By: Sara Graham & Danni Eickenhorst
Whether you’re concerned with energy conservation, or if you’re just concerned with keeping your utility bills low this winter, we have the information you need to make your home more energy-efficient this winter. Read on for information on the three biggest sources of winter energy loss, and solutions to help with seasonal energy savings during the colder weather.
Leaky Windows and Doors
In the winter, leaky doors and windows are easy to spot when cold air seeps in and indoor temperatures start to drop. To address this in the short term, install weather stripping on drafty windows and doors and insulating drapes over windows. A longer term solution for a more sustainable home is to replace old, drafty windows with new ENERGY STAR windows, which may reduce heating and cooling costs by up to 15 percent.
If your house already has a fireplace, be sure to keep the damper closed when the fireplace is not in use. Make sure the hearth is completely sealed, has tempered glass doors and a heat-air exchange system to blow warm air efficiently into the room. If you are building a custom home or renovating, choose an energy-efficient fireplace, such as the shallow Rumford fireplaces, which reflect more heating into the room and retain more of the energy produced.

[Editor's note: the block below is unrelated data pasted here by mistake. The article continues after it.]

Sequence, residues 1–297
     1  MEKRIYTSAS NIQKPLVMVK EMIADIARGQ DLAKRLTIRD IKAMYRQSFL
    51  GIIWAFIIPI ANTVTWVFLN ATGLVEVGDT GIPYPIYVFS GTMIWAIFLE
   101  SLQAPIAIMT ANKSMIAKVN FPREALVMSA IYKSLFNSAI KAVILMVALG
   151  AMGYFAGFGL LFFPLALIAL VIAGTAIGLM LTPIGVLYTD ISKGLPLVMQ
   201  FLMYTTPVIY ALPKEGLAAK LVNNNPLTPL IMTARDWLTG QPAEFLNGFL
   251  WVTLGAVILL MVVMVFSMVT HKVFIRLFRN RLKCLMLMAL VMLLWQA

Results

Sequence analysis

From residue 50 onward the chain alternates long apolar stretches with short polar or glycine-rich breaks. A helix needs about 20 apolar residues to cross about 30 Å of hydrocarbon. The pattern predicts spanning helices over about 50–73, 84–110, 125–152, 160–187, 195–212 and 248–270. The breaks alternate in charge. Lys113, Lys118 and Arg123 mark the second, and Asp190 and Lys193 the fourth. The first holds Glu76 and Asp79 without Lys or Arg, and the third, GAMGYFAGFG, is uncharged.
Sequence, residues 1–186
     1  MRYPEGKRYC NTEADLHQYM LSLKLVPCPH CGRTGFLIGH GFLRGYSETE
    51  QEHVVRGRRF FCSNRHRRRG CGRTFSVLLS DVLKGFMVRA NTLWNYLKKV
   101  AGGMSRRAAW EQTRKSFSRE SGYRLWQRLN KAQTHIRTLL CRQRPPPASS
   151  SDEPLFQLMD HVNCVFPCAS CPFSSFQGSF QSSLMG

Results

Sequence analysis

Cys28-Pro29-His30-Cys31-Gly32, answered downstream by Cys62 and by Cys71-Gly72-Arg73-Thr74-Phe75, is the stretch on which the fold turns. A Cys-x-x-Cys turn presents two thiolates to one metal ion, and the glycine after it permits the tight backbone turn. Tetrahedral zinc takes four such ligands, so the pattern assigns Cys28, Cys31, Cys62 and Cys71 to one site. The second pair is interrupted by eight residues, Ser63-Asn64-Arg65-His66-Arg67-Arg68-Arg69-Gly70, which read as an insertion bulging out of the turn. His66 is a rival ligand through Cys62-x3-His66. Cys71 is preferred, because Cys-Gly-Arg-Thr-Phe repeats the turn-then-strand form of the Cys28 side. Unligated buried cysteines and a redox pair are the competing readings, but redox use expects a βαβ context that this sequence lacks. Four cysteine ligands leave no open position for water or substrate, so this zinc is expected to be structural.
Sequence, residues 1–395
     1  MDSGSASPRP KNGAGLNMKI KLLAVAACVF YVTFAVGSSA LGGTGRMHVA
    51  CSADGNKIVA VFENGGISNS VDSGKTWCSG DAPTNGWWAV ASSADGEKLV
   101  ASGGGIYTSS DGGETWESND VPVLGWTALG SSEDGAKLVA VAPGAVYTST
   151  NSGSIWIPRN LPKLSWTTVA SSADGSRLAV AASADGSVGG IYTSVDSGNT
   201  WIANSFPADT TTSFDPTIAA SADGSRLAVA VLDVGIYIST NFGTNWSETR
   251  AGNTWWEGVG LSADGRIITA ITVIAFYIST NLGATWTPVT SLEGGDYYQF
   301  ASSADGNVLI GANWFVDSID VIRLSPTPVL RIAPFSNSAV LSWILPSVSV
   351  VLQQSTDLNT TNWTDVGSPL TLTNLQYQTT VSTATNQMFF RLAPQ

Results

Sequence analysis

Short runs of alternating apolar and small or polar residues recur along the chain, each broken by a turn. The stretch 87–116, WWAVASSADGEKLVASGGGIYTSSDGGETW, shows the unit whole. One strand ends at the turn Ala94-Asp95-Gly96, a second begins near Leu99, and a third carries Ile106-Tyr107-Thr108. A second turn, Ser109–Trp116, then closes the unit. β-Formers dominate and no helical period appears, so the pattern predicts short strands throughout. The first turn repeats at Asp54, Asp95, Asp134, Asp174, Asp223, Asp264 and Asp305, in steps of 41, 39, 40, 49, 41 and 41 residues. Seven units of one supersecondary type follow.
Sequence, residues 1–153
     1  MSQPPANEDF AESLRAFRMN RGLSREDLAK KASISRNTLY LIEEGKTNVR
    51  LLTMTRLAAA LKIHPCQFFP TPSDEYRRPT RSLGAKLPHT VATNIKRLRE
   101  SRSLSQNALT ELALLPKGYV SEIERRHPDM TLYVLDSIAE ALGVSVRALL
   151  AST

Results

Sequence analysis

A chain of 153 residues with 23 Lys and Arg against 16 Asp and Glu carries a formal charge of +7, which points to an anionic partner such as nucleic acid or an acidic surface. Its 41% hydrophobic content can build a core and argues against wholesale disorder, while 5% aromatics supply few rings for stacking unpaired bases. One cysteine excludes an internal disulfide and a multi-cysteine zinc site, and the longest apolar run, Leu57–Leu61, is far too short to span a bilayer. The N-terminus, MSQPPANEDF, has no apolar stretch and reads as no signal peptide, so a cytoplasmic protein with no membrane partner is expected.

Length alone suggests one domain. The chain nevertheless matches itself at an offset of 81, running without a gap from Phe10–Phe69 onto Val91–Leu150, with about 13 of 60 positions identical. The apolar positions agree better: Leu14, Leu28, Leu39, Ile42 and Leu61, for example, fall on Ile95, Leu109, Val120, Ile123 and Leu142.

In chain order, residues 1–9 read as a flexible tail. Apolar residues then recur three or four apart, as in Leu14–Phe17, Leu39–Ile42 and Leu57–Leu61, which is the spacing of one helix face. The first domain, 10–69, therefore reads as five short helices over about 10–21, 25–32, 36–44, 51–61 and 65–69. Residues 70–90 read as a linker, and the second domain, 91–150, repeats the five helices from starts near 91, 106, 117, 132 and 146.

Energy Star reports that homeowners could save as much as 20 percent of their utility costs by identifying and fixing air leaks in their home’s “thermal envelope,” – a term that refers to the exterior walls, roof and foundation of the home.
Rising warm air often escapes through poorly insulated ceilings and roofs and escapes through holes and cracks – large and small. The same spots that let warm air out will let cold air, and sometimes moisture, into your home.
In building new high-performance homes, we pay special attention to developing a strong thermal envelope to prevent air leaks. (See below for resources on our advanced framing techniques.)
When making improvements to an existing home to improve energy efficiency and thermal, consider the following:
- Identify all sources of air leaks within your home’s thermal envelope. Seal any large or visible cracks first with an appropriate foam insulation.
- Make sure all openings from plumbing, dryer vents, windowpanes, recessed lights and unfinished spaces in closets are completely sealed.
- When replacing insulation, look at the insulation material’s R-rating. The higher the number, the better it will perform in terms of resisting heat flow.
For more on how to improve your attic’s insulation, check out this short video from This Old House.
If you’re considering a custom home build or renovation, contact us St. Louis’s high performance home builder for more on building plans and sustainable home design. Email us or reach out by phone at (314) 581-8205 to discuss your project.